Goldman Sachs gets into social impact bonds - but what are they?

Ryan Shorthouse of the Social Market Foundation explains the reasoning behind social impact bonds.

Fiscal retrenchment is catalysing radical thinking among policymakers about how to get better public services for less money. Social impact bonds (SIBs) are currently fashionable in policy debates as a possible means of financing interventions. With SIBs, social investors fund a particular service, and only get a return if the intervention improves outcomes which will lead to reduced government expenditure in the long-term. In the current environment, Government wants to pay investors only out of identifiable savings. And an idea that started here in the UK has now gone global. Just last week Goldman Sachs announced that it was spending $9.6 million on a 4-year programme aimed at reducing recidivism of offenders at Rikers Island prison in New York.

SIBs are potentially an ingenious way of getting more bang for taxpayer bucks at a time when public money is short. They are a vehicle for encouraging innovation in public service delivery because they devolve the financial risk to investors and organisations who can affect outcomes on the ground. At a recent SMF conference, Iain Duncan Smith MP said:

It could mean a change to the whole way that Government and private sector work together to solve social problems.

The first ever SIB launched in 2010 and funds work to reduce re-offending among offenders released from Peterborough Prison. Philanthropic investors will receive a return on their investment if the interventions funded achieve at least a 10 per cent reduction in reoffending each year, or at least 7.5 per cent across all three years. Other schemes are now emerging: in Manchester, for example, the Council is sourcing funds from social investors to provide intensive support for eight young people with challenging circumstances to live in foster care rather than in residential care.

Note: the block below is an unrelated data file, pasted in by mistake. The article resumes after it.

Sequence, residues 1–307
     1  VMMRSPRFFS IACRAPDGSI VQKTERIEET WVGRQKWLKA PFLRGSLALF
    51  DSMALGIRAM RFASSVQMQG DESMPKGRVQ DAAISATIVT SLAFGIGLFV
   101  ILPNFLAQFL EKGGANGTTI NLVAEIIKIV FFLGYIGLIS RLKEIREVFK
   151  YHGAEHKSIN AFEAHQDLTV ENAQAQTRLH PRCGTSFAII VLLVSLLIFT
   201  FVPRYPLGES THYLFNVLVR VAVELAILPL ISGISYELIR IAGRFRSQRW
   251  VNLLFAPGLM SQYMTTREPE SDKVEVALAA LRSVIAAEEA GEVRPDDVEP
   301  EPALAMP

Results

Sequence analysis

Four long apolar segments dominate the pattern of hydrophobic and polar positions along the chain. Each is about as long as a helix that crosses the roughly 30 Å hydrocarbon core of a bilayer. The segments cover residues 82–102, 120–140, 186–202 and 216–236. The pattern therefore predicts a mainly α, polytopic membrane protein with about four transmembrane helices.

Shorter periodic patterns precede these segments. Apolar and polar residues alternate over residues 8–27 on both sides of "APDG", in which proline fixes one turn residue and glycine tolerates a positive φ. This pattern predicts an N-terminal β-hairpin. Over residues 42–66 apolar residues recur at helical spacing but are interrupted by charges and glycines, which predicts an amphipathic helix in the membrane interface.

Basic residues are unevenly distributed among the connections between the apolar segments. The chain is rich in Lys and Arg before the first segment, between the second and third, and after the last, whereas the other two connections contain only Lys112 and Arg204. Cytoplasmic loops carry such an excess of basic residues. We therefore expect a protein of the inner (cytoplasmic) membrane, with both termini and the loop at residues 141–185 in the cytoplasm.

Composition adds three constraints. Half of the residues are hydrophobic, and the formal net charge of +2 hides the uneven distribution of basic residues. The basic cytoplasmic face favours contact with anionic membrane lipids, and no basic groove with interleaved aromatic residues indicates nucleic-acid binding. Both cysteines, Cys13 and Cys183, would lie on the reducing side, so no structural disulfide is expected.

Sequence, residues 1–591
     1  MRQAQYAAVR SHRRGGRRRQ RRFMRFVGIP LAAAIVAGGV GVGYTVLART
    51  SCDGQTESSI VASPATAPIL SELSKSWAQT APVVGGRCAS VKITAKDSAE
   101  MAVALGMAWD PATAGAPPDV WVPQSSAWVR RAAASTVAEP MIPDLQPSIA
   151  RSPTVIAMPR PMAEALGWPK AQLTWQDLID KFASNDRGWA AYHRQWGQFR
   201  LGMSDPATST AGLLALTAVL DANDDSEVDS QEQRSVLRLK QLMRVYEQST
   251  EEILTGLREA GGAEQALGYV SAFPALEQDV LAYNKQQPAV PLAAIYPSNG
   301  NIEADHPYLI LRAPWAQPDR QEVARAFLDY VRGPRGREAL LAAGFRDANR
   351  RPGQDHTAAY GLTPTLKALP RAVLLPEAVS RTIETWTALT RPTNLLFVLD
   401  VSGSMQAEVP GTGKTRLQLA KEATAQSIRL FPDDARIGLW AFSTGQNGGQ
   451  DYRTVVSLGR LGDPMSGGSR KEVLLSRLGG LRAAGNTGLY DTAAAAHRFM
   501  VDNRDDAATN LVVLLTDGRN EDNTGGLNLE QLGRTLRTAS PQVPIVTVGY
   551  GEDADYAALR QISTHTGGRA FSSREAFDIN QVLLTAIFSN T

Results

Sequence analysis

SIBs are an important part of the funding jigsaw. But they are not the magic bullet for all public services. Social investment – where investors invest in the work of charities and expect a return – is still small: in 2010, £190m was sourced for social investment compared to £3.6bn in philanthropic grant funding and £55.3bn in wider bank lending. And SIBs only constitute a small part of all social investment. The small scale is mainly down to a lack of decent investable propositions. There are at least three big reasons for this.

First, because SIBs are embryonic market information about the likely risk and reward in different service areas is poor. Investors are jumping into the unknown. Little is known about how effective new interventions could be at, say, cutting re-offending levels, so investors don’t have much to go on in assessing the investment proposition. This uncertainty is exacerbated by the length of time it may take for outcomes to be observed, especially for early intervention programmes. The Government has helped set up Big Society Capital which it hopes will co-invest with private investors to send a signal to them and mitigate their risks by accepting lower interest rates or taking on the junior part of a debt. It is also hoped that Big Society Capital will fund new products that support impact measurement.